Phrenology was basically the idea that you could look at someone’s head shape and physical features and figure out personality characteristics and mental capabilities. For example, bumps or divots revealed people’s strengths or weaknesses. By studying criminals’ heads, doctors thought that they could predict which types of people would become criminals based on physiological traits. Oh, and this particular mask didn’t have ears, as George’s ears had been worn off by the friction of struggling with his noose. Obviously, phrenology is bullshit. And also, gross. But it is fascinating.
In addition to the very scientific mask and body-skinning, Dr. Osborn also had shoes and a medicine bag made from George’s skin.
It’s called fashion. Look it up.
Ready for some gory details? The skin he wanted to use was from George’s chest and thighs… including his nipples. Now, the nipples didn’t end up getting used for the shoes, so Dr. Osborn was pretty disappointed, but he still strutted around in those skin shoes, showing them off around town.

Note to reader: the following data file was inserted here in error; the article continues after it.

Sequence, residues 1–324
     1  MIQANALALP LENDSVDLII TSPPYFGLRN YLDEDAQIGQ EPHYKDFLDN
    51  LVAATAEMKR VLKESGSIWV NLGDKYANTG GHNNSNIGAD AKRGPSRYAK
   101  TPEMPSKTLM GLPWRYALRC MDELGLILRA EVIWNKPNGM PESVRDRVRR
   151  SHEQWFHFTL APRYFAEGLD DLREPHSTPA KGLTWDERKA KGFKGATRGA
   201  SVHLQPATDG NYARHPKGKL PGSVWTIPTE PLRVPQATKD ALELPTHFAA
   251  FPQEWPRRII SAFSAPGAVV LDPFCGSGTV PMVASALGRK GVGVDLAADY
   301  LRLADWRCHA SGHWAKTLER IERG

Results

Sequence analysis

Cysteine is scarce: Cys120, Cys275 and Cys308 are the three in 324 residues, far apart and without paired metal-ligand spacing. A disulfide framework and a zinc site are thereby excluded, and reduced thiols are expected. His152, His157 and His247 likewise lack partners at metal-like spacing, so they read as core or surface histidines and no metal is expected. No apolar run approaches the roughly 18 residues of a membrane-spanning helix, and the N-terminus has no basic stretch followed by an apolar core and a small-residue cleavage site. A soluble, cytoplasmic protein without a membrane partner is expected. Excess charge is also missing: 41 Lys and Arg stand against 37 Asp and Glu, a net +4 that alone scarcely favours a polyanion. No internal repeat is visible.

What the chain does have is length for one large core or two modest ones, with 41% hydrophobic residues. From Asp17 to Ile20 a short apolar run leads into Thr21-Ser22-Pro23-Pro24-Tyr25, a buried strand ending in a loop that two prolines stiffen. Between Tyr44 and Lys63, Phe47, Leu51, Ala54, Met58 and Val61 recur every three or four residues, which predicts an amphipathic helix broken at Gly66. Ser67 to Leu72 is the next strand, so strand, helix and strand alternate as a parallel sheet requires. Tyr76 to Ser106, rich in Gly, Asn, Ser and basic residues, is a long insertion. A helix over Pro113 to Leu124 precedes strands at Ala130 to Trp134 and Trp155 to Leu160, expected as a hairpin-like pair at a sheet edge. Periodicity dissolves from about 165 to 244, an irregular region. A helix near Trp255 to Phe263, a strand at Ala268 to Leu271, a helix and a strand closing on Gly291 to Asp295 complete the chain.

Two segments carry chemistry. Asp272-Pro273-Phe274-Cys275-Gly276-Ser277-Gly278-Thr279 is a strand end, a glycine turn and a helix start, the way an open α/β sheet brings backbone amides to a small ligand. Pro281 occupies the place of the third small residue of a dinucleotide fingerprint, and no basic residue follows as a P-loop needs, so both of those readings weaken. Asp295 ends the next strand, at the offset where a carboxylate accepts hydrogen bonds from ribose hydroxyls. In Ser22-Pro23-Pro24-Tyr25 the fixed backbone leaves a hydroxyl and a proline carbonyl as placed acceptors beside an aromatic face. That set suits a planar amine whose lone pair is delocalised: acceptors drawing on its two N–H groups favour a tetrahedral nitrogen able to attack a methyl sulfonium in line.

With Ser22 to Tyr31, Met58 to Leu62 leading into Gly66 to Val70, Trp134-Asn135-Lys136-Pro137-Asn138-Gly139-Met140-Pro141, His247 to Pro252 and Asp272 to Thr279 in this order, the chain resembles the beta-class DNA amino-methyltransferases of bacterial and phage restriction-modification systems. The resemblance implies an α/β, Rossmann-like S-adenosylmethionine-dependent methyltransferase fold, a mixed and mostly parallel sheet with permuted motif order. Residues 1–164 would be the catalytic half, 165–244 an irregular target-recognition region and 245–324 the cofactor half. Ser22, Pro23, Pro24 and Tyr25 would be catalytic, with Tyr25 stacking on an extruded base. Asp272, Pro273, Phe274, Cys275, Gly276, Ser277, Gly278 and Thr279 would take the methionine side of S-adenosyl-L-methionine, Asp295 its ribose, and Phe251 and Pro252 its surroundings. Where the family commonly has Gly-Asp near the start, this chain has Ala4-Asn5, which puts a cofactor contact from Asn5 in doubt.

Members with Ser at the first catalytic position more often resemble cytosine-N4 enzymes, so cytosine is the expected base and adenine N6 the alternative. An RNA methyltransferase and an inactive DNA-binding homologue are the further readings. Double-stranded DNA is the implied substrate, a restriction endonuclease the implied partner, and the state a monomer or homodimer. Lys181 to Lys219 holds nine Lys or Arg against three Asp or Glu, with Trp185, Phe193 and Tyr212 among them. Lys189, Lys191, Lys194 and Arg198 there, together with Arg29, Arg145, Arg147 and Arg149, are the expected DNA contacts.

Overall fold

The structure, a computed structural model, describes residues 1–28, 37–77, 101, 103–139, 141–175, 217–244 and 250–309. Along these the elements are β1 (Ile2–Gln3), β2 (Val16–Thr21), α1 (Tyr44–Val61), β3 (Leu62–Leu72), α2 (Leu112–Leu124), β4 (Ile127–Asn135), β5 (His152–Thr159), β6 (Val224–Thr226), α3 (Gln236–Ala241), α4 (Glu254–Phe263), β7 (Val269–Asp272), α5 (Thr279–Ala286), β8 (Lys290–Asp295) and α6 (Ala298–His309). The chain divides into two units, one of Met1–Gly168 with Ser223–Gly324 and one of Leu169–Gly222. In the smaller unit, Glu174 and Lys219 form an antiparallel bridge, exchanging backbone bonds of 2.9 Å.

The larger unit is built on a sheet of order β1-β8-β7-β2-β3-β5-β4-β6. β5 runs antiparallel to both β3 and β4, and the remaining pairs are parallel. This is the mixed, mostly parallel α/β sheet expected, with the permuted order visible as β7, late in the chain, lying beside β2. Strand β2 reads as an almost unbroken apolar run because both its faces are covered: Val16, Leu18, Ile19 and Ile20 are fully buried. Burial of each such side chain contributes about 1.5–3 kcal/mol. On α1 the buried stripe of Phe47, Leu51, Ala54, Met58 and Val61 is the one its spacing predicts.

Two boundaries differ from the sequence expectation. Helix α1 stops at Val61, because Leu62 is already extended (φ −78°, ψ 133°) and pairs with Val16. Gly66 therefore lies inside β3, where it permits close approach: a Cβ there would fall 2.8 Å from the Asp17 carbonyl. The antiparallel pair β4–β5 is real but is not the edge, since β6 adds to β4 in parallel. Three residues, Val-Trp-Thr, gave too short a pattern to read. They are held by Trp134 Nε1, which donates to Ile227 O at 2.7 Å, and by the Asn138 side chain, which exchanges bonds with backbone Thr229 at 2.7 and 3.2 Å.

Let’s get back to the science-y part. The good doctor Maghee cut George’s skull into 2 pieces. Now I know there was some controversy a couple weeks ago about not knowing which half of the sheep was thrown on stage at a Shakespeare performance, and so I’m here to tell you: it was top and bottom. Dr. Maghee gave the top half to his protégé, Lillian Heath (who BTW eventually became Wyoming’s first female physician). But I’m just saying, I know Valentine’s Day is over: But flowers, guys. Not brains. Never brains.
Anywho, Dr. Maghee continued to study and dissect the brain for a year, keeping George’s brain in a whiskey barrel with a salt solution, you know, because letting it decay would be gross.
But Dr. Maghee didn’t even keep the bottom half of the brain – it was buried in that whiskey barrel with the rest of George’s Bones behind the doctor’s office. Lillian Heath ended up keeping George’s skullcap for a while, using it as an ashtray in her office.